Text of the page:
Application – Against The Rulers of Darkness of This World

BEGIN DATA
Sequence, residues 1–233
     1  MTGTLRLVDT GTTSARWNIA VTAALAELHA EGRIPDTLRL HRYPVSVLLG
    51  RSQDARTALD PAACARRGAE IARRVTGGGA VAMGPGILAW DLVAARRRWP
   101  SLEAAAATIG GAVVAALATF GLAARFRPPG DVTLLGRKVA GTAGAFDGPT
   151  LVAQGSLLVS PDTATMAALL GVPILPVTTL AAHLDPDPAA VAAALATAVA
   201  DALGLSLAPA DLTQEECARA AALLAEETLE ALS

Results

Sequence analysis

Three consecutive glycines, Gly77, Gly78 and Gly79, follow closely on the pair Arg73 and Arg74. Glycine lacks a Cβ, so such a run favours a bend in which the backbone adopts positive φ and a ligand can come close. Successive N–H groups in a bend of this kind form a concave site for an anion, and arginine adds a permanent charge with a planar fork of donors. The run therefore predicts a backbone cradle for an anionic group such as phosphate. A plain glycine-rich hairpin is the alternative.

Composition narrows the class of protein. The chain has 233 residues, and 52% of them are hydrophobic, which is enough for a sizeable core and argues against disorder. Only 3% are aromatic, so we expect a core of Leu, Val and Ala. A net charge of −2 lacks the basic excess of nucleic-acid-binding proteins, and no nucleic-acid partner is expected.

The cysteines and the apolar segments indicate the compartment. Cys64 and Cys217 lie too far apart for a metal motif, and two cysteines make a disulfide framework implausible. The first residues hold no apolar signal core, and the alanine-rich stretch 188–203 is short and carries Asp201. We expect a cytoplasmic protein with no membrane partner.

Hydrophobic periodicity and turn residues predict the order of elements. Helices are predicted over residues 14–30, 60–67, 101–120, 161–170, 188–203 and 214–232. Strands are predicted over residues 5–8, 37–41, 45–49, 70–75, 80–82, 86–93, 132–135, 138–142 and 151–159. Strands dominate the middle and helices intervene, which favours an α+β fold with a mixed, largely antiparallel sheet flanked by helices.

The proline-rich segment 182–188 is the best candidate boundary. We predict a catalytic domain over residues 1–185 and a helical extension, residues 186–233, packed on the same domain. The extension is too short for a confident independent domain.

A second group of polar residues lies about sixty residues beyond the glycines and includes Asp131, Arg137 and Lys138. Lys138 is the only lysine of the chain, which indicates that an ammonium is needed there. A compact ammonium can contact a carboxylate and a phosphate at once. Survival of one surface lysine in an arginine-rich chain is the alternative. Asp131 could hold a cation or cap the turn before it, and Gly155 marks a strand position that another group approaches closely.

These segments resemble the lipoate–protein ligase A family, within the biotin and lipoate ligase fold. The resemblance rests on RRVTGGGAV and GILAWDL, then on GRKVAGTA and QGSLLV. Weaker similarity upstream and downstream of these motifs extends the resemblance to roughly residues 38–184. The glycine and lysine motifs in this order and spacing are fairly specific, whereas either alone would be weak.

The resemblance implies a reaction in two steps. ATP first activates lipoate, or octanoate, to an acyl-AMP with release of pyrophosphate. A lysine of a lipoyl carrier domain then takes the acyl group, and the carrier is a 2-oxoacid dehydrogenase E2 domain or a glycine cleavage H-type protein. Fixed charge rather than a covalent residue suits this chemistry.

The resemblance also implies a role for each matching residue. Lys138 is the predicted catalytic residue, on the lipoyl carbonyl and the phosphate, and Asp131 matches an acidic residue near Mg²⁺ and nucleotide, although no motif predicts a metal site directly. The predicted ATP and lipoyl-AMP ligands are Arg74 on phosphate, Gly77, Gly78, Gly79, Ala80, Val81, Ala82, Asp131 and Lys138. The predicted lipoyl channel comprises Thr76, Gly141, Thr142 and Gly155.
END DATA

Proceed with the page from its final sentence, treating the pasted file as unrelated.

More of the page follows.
Use First. This may help us conceive more fully what the desperate wickedness of man’s nature is, which is so hard to be known, because it can never be seen at once—it being a fountain whose immensity consists not in the stream of actual sin—that is visible, and may seem little—but in the spring that incessantly feeds this.  But here is a glass that will give us the shape of our hearts truly like themselves.  Seest thou the monstrous pitch and height of wickedness that is in the devil?  All this there is in the heart of every man.  There is no less wickedness potentially in the tamest sinner on earth, than in the devils themselves, and that one day thou, whoever thou art, wilt show to purpose, if God prevent thee not by his renewing grace.  Thou art not yet fledged, thy wings are not grown to make thee a flying dragon; but thou art of the same brood, the seed of this ser­pent is in thee, and the devil begets a child like him­self.  Thou yet standest in a soil not so proper for the ripening of sin—which will not come to its fulness till transplanted unto hell.  Thou who art here so maid­enly and modest, as to blush at some sins out of shame, and [to] forbear the acting of others out of fear, when there thou shalt see thy case as desperate as the devil doth his, then thou wilt spit out thy blas­phemies, with which thy nature is stuffed, with the same malice that he doth.  The Indians have a con­ceit, that when they die they shall be transformed into the deformed likeness of the devil; therefore in their language they have the same word for a dead man and the devil.  Sin makes the wicked like him before they come there, but indeed they will come to their coun­tenance more fully there, when those flames shall wash off that paint which here hides their com­plexion.  The saints in heaven shall be like angels, in their alacrity, love, and constancy to serve God; and the damned like the devils, in sin as well as pun­ishment.  This one consideration might be of excel­lent use to unbottom a sinner, and abase him, so as never to have high thought of himself.  It is easy to run down a person whose life is wicked, and convince him of the evil of his actions, and make him confess what he doth is evil, but here is the thicket we lose him in.  He will say, ‘It is true, I am overseen, I do what I should not, God forgive me, but my heart is good.’  Thy heart good, sinner? and so is the devil’s. His nature is wicked, and thine [is] as bad as his.  These pimples in thy face show the heat of thy cor­rupt nature within, and without gospel physic—the blood of Christ applied to thee—thou wilt die a leper. None but Christ can give thee a new heart, till which, thou wilt every day grow worse and worse.  Sin is an hereditary disease that increaseth with age.  A young sinner will be an old devil.